High amounts of vitamin D, especially from sunlight, are shown to help regulate mood and reduce the risk of depression. A meta-analysis of randomized controlled trials revealed that those experiencing negative emotions who took vitamin D supplements saw an improvement in symptoms. Another study involving 593 patients concluded low vitamin D levels were a risk factor for fibromyalgia, anxiety and depression.

(Bonus: Read about the nine supplements that may relieve symptoms of depression.)

Are You Getting Enough Vitamin D?

Vitamin D deficiency is the most common nutritional deficiency worldwide. Lower vitamin D levels are a result of many factors, including:

  • Sun avoidance
  • Using sun protection (though it is necessary to protect your skin during prolonged time outdoors)
  • Skin pigmentation
  • Poor dietary and supplement intake
  • Malabsorption syndromes
  • Obesity
  • Medication use

To reap the benefits of vitamin D, your body must get enough. There is only one way to determine your vitamin D level—a blood test called 25-hydroxyvitamin D. The test classifies results as follows:

BLOOD TEST 25-hydroxy vitamin D
Nanograms per milliliter
Deficient = <20 ng/mL
Insufficient = 21-29 ng/mL
Normal = 30-100 ng/mL
Toxicity >150 ng/mL
Cooper Clinic recommended range = 40-60 ng/mL
50 mcg Vitamin D3 = 2000 IU
125 mcg Vitamin D3 = 5000 IU

Vitamin D is a fat-soluble vitamin that needs fat in order to be absorbed. Taking vitamin D with a meal that contains fat can increase absorption by 50 percent. Cooper Clinic has been testing vitamin D levels in all patients since 2007 and recommends a 25 hydroxyvitamin D level of 40 ng/ml, but some doctors prefer to see lab values over 50 ng/ml.


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How Do You Get More of the Sunshine Vitamin?

Whether it’s through foods, sunlight or supplements, it is important your body gets adequate vitamin D. Here’s how:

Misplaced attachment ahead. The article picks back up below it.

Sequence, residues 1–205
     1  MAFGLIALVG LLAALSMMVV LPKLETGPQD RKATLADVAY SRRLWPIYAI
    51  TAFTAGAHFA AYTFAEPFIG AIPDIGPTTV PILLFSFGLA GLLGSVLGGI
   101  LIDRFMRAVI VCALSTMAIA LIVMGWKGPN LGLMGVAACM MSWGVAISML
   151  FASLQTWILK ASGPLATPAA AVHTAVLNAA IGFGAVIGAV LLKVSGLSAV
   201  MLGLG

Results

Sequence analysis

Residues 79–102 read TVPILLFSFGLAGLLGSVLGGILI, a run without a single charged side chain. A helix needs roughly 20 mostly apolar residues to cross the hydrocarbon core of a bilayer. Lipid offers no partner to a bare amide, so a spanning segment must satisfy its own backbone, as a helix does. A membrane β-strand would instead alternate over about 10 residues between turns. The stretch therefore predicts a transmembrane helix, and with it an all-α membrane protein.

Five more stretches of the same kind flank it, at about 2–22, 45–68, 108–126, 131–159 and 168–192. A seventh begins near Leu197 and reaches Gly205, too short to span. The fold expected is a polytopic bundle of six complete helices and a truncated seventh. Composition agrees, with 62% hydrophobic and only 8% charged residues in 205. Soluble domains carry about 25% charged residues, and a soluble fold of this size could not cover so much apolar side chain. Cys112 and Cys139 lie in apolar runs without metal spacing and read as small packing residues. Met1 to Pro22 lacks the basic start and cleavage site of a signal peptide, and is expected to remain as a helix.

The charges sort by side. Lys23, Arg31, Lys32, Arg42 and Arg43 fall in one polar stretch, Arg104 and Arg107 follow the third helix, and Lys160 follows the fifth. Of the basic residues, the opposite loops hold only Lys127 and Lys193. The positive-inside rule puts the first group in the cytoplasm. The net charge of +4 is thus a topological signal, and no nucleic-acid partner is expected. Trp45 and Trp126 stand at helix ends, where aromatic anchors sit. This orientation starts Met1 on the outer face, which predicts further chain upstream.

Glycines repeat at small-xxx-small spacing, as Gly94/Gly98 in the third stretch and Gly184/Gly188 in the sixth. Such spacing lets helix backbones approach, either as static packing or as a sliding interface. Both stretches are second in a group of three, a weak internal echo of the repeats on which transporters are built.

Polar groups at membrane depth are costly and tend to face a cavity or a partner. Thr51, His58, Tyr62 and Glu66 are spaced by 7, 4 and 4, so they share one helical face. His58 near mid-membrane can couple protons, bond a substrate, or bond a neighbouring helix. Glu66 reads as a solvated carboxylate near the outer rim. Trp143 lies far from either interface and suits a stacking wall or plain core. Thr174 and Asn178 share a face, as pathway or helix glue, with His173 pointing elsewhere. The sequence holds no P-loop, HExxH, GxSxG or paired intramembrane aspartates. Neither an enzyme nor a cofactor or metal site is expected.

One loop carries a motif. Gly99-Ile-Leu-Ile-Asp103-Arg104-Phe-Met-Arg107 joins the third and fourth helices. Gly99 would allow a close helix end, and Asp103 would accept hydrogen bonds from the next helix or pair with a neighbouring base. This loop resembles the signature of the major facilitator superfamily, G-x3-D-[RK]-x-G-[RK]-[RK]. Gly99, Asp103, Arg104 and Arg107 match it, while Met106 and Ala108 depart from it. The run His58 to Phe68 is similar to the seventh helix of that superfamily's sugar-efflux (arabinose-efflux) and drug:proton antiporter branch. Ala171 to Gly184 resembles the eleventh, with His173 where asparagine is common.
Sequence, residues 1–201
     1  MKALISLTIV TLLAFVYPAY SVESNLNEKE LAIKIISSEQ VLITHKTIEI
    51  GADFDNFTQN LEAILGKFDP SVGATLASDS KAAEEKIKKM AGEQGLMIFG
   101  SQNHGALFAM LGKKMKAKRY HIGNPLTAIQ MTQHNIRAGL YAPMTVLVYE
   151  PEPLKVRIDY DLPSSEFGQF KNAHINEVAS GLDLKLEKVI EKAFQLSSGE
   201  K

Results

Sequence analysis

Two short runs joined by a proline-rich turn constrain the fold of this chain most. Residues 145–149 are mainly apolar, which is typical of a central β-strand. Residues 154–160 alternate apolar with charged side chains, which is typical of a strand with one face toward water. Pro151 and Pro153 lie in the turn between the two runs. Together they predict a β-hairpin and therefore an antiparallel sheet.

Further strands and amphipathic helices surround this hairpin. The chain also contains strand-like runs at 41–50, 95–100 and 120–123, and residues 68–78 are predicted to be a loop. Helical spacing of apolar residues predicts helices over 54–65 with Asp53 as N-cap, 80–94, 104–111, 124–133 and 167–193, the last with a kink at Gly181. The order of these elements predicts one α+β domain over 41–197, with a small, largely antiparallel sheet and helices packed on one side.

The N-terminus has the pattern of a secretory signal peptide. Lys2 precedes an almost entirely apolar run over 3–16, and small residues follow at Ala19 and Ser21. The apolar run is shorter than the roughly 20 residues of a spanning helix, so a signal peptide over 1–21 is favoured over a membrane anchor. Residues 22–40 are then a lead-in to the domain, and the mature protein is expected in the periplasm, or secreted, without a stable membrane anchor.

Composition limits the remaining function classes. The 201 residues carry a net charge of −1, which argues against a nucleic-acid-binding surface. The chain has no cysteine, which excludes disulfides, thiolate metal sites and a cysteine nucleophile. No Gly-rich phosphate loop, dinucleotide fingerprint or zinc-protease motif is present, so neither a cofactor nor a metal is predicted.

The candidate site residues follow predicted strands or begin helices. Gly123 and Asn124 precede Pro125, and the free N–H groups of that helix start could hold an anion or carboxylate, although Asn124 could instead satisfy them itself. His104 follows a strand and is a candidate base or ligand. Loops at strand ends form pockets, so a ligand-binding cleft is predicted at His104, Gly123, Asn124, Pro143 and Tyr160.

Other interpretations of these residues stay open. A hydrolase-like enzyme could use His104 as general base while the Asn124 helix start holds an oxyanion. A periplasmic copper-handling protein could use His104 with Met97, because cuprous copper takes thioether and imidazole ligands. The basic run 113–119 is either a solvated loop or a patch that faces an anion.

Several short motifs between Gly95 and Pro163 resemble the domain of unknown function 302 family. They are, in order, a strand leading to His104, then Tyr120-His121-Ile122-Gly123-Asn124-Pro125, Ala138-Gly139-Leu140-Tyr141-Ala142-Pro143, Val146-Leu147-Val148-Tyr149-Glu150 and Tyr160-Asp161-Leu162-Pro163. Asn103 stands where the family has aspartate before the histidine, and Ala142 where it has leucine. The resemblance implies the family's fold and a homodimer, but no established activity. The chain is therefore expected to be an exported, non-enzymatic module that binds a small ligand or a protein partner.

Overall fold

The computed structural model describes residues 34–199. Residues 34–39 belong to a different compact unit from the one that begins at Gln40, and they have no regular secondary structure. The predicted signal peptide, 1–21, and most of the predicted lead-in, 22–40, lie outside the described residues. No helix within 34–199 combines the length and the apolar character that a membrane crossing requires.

Vitamin D From Sunshine

The best way to get vitamin D is from the sun. It’s estimated that a fair-skinned person in shorts and a tank top without sunscreen gets enough radiation to produce almost 250 mcg (10000 IU) of vitamin D from 10 minutes midday. However, the amount of vitamin D your body produces differs depending on the time of day and the time of year.  For example, the further north you live, the harder it is for your body to produce vitamin D in the winter. This effect is mirrored the further south of the equator where you live.

For your body to produce vitamin D, the sun should be positioned in the sky so your shadow is shorter than you.  If your shadow is longer than you, the sun’s UV rays are not intense enough for vitamin D production.

A good rule of thumb is to try and get sun exposure when the sun is in its highest position (typically around midday) for half as long as it takes your skin to become pink. After exposure, the nutrient is stored and released when sunlight is unavailable.

Incidentally, this is where D gets its cheery nickname, “the sunshine vitamin.” This process starts when the skin absorbs the sun’s ultraviolet B (UVB) rays. Next, your skin takes the UV light and uses a process called “photolysis” to form vitamin D. The newly created vitamin D heads to the liver to perform its bodily functions. While the sun is the most natural way to get vitamin D, many factors prohibit this process from producing optimal levels, including:

  • Some seasons